Hello and welcome to our community! Is this your first visit?
Register

Results 1 to 9 of 9

Why is it important to ignore ping requests?

This is a discussion on Why is it important to ignore ping requests? within the Alt OS Archives forums, part of the Alternative Operating Systems category; Why is it important to ignore ping request? Symantec site says it's better to be invisible rather than your machine ...

  1. #1
    Lakisalayaw1970
    Guest Lakisalayaw1970's Avatar

    Default Why is it important to ignore ping requests?



    Why is it important to ignore ping request? Symantec site says it's better to be invisible rather than your machine be known as present in the internet.

    Why would it be better if they didn't know your IP address and provider? Unless you're involved in human trafficking, I don't see the point to block ignore ping requests and such.

    Can anyone explain this?

    [Edited on 6.16.05 by Lakisalayaw1970]

  2. #2
    Lakisalayaw1970
    Guest Lakisalayaw1970's Avatar

    Default

    I use Brian Hill's Brickhouse on top of Mac OS X's firewall.

  3. #3
    Mac Lover coffeelover's Avatar
    Join Date
    Apr 2004
    Age
    39
    Posts
    434
    Real Name
    Chris Chu

    Default

    I found that filtering ICMP (ping) packets is more trouble than it's worth. There are lots of tools that will detect the presence of a device regardless of ICMP filtering. Filtering ICMP just makes troubleshooting network problems more difficult.

  4. #4
    Apple Genius berniej's Avatar
    Join Date
    Apr 2004
    Location
    Laguna/SLEX/Makati
    Posts
    2,279

    Default

    "Pinging" is the first thing a malicious hacker/cracker does to be certain that their target is online. Once they are sure that the machine exists, then they will start using more advanced tools to scan the target's open ports, then their "fun" begins.

    There are pros and cons in filtering ping requests but if you don't think you need to be "pinged" from the internet, better set up those filters -- its better to be safe than sorry.

  5. #5
    Apple Genius lamski's Avatar
    Join Date
    May 2005
    Location
    Makati, Philippines
    Posts
    2,140
    Liked
    74 times
    Real Name
    Leonardo Mendoza

    Default

    Hackers typically employ port scanners that scan sets of ip addresses. If you don't have a good firewall with proper rules, chances are, your computer will show up in their sweeps. This makes your machine a viable target for whatever devious plans hackers can think of. If your machine is set to respond to ping requests, you're likely to be vulnerable to denial-of-service (DOS) attacks. The ping response may also givea a lot of info about your machine and your network.

    Try using a freshly installed, un-patched windows machine online and within 20 - 30 minutes it's already infected with spyware, trojans, viruses and other nasty stuff. It happened to my friends.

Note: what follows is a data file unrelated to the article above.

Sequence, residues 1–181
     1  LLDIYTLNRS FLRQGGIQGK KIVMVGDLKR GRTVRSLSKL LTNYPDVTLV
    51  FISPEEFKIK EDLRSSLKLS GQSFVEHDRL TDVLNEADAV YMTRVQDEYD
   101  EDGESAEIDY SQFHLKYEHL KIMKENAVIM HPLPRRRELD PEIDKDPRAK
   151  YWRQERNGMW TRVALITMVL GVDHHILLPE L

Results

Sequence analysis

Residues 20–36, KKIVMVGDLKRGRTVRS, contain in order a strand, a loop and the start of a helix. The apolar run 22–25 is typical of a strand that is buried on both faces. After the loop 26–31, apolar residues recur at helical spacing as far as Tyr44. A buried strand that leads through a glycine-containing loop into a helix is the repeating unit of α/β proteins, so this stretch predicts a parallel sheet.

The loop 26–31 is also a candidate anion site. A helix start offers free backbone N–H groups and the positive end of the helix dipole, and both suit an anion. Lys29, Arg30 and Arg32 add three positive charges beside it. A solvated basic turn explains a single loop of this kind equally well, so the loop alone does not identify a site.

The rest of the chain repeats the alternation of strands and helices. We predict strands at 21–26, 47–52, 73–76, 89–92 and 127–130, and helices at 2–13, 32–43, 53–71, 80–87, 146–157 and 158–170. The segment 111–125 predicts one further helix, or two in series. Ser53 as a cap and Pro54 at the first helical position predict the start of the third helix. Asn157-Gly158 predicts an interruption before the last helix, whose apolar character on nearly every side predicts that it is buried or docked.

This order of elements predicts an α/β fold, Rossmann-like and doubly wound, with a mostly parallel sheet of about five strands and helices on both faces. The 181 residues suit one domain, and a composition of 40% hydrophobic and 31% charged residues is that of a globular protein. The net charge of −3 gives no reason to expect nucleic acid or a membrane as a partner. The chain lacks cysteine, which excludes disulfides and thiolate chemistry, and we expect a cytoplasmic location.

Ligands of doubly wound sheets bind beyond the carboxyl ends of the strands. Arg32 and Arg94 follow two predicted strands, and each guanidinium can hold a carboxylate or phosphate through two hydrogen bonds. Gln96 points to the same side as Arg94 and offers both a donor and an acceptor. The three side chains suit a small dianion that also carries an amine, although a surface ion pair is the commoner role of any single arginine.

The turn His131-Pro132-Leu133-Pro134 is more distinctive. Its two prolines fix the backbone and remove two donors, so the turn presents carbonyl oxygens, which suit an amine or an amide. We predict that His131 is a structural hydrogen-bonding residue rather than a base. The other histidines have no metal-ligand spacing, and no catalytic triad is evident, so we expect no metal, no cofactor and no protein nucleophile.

6. #6
    Lakisalayaw1970
    Guest Lakisalayaw1970's Avatar

    Default

    Originally posted by berniej
    ...set up those filters -- its better to be safe than sorry...
    Do you use anything heavier than the built in OS X firewall yourself? OS X does have Net Utility. I fire up Kismac once in a while to look for Wi-fi. I don't hack around. At most I'd do a reverse address seek using the phone number on Google. Now they have satellite picture built in Google maps.

    I feel pretty safe though because I'm behind a router, use DSL (not cable), and have OS X firewall enabled.

  7. #7
    Apple Genius berniej's Avatar
    Join Date
    Apr 2004
    Location
    Laguna/SLEX/Makati
    Posts
    2,279

    Default

    Originally posted by Lakisalayaw1970
    Originally posted by berniej
    ...set up those filters -- its better to be safe than sorry...
    Do you use anything heavier than the built in OS X firewall yourself?
    Not really since I'm also behind a router, at least two firewalls, a SPAM filter and a host of other security stuff I wouldn't even care to mention.

    [Edited on 6-16-2005 by berniej]

  8. #8
    teng
    Guest teng's Avatar

    Default

    Originally posted by lamski
    Hackers typically employ port scanners that scan sets of ip addresses. If you don't have a good firewall with proper rules, chances are, your computer will show up in their sweeps. This makes your machine a viable target for whatever devious plans hackers can think of. If your machine is set to respond to ping requests, you're likely to be vulnerable to denial-of-service (DOS) attacks. The ping response may also givea a lot of info about your machine and your network.

    Try using a freshly installed, un-patched windows machine online and within 20 - 30 minutes it's already infected with spyware, trojans, viruses and other nasty stuff. It happened to my friends.

    Yep!.. i agree on this..

  9. #9
    Mac Lover marcgalang's Avatar
    Join Date
    May 2004
    Location
    Turku, Finland
    Age
    30
    Posts
    203

    Default

    I think It's more advisable to ignore UDP and TCP syns (hello messages), ping is used most of the time by IT personnel to diagnose the network.

  10.   




 

Bookmarks

Posting Permissions

  • You may not post new threads
  • You may not post replies
  • You may not post attachments
  • You may not edit your posts
  •